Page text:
Please use this identifier to cite or link to this item: http://scholarbank.nus.edu.sg/handle/10635/32345
Title: HYDROGEN PEROXIDE-INDUCED CYTOTOXICITY AND OXIDATIVE DNA DAMAGE ON HUMAN EMBRYONIC STEM CELLS AND THEIR DIFFERENTIATED FIBROBLAST-LIKE PROGENIES
Authors: LU KAI
Keywords: biocompatibility, cell culture, embryonic stem cell, toxicity, toxicology, translational research
Issue Date: 17-Aug-2011
Source: LU KAI (2011-08-17). HYDROGEN PEROXIDE-INDUCED CYTOTOXICITY AND OXIDATIVE DNA DAMAGE ON HUMAN EMBRYONIC STEM CELLS AND THEIR DIFFERENTIATED FIBROBLAST-LIKE PROGENIES. ScholarBank@NUS Repository.
Abstract: Background: Human embryonic stem cells (hESCs) are pluripotent cells derived from in vitro fertilized (IVF) embryos. Because of their origin in healthy human tissues, self-renewability and differentiate capability, hESCs can potentially be adopted as a biological model for toxicity study. To date, wide use of hESCs in cytotoxicity and DNA damage study has been restricted by technical limitations. One such limitation is from MEF feeder cells. Although MEF help maintain cultured hESCs in there undifferentiated status, they nevertheless become a form of contamination when pure populations of hESCs are intended to be harvested for various analyses. Meanwhile, reactive oxygen species (ROS) are known to play an important role in physiological and pathophysiological processes during embryo development. Hypotheses: Effective cytotoxicity and DNA damage study can be enabled through the development of a feeder-cell-free hESC culture system. Because of the drastically different cell physiology between pluripotent hESCs and differentiated cells, their cytotoxicity and DNA damage responses upon ROS challenge could be distinct and regulated differently by underlying molecular mechanisms. Methods: An autologous feeder-cell-free system was developed for the cultivation of undifferentiated hESCs. Fibroblastic-like cells were derived from hESCs as a model for differentiated cells. Hydrogen peroxide (H2O2) was used as an in vitro ROS generating system. Cytotoxicity and DNA damage of H2O2-treated hESCs and differentiated cells were studied. Results: Extracellular matrix (ECM) was extracted from fibroblast-like cells which were differentiated from hESCs. The ECM coating was capable of supporting undifferentiated growth of hESCs and excluded MEF cells from the culture system. Feeder-free-cultured hESCs and hESC-derived fibroblast-like cells were used to study H2O2-induced cytotoxicity and DNA damage. In comparison with differentiated cells, higher induction of intracellular ROS was observed in H2O2-treated hESCs. DNA synthesis was more intensively inhibited in hESCs, which was also accompanied by higher induction of apoptosis. However, DNA damage was found to be lower in hESCs. Genes involved in DNA damage signaling pathway were more readily expressed in hESCs. Conclusion: The autologous feeder-cell-free hESC cultivation system made the use of hESCs in toxicity study more feasible. Cytotoxicity and DNA damage study of ROS showed that pluripotent hESCs had unique damage responses.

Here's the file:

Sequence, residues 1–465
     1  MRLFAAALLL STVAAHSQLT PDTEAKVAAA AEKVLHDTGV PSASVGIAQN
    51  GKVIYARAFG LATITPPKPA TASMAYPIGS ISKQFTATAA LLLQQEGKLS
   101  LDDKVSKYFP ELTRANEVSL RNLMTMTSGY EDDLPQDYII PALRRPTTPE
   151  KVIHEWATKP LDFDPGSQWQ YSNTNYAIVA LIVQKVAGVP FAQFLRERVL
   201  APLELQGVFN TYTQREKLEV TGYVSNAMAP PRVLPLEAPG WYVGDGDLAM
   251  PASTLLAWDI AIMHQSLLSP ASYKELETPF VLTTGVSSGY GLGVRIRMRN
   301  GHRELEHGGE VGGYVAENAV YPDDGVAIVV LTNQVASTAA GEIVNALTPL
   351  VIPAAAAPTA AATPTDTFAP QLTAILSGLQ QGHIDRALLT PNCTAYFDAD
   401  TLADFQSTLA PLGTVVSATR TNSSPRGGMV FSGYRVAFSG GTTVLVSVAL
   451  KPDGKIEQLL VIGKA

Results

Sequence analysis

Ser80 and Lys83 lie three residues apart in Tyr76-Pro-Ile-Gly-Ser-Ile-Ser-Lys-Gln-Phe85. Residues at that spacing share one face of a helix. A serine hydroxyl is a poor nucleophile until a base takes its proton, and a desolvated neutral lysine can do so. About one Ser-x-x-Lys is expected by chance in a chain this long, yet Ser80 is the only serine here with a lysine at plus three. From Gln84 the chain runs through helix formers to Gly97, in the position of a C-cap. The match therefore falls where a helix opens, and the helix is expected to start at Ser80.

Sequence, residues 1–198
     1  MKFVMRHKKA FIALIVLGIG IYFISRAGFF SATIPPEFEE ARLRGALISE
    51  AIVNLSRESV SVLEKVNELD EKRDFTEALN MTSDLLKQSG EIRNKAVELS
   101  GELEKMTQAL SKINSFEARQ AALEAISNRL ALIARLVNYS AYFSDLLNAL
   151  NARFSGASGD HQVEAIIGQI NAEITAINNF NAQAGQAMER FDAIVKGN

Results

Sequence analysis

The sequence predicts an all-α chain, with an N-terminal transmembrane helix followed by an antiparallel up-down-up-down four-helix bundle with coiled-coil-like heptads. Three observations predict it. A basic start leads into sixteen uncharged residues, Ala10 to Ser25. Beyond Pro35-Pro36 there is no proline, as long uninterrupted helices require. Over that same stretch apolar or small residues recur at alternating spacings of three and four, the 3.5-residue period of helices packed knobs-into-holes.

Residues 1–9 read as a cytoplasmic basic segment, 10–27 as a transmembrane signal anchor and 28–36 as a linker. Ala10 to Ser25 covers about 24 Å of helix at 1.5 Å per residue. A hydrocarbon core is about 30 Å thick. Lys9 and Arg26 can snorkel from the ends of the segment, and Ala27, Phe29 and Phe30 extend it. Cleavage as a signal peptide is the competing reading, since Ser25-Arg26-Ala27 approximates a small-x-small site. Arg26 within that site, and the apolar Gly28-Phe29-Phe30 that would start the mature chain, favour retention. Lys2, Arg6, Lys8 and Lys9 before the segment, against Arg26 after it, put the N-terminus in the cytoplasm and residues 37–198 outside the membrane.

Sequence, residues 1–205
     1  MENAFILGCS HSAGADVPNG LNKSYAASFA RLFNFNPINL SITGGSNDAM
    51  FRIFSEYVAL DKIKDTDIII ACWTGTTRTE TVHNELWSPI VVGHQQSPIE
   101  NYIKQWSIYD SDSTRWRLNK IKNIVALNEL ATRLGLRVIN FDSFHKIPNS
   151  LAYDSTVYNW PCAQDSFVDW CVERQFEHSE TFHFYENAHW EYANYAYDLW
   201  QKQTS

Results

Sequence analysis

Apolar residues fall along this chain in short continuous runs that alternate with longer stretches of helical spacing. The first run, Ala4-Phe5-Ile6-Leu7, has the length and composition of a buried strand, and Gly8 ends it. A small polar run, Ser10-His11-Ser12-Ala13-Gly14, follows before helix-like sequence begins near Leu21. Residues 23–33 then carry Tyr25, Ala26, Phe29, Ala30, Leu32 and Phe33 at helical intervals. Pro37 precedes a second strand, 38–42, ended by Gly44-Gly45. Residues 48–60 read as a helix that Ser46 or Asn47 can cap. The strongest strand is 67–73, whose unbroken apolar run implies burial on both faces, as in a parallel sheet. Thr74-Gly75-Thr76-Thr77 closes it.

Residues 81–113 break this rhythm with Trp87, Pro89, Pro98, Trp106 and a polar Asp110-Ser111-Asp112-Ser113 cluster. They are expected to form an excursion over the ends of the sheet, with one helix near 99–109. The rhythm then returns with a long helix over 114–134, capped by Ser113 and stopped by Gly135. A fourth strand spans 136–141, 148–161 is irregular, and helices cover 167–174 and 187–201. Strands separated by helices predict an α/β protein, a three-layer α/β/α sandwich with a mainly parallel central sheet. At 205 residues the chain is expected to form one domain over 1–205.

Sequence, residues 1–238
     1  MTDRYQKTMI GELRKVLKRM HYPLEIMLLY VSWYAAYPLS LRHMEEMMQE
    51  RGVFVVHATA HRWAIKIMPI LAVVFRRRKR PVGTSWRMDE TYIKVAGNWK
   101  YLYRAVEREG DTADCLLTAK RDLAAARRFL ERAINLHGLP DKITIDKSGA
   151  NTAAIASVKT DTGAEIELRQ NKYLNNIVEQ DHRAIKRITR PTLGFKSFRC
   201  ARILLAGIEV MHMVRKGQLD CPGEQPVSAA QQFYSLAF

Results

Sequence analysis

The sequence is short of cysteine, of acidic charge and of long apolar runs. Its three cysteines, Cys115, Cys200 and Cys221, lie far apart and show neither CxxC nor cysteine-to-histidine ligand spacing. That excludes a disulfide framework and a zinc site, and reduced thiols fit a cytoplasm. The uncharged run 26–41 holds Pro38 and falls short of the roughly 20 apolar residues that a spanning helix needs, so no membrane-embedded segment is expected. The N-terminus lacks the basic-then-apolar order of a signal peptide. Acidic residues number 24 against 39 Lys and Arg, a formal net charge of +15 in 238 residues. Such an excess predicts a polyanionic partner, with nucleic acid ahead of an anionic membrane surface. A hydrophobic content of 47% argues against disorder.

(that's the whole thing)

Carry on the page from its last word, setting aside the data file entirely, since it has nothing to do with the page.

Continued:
URI: http://scholarbank.nus.edu.sg/handle/10635/32345
Appears in Collections:Ph.D Theses (Open)

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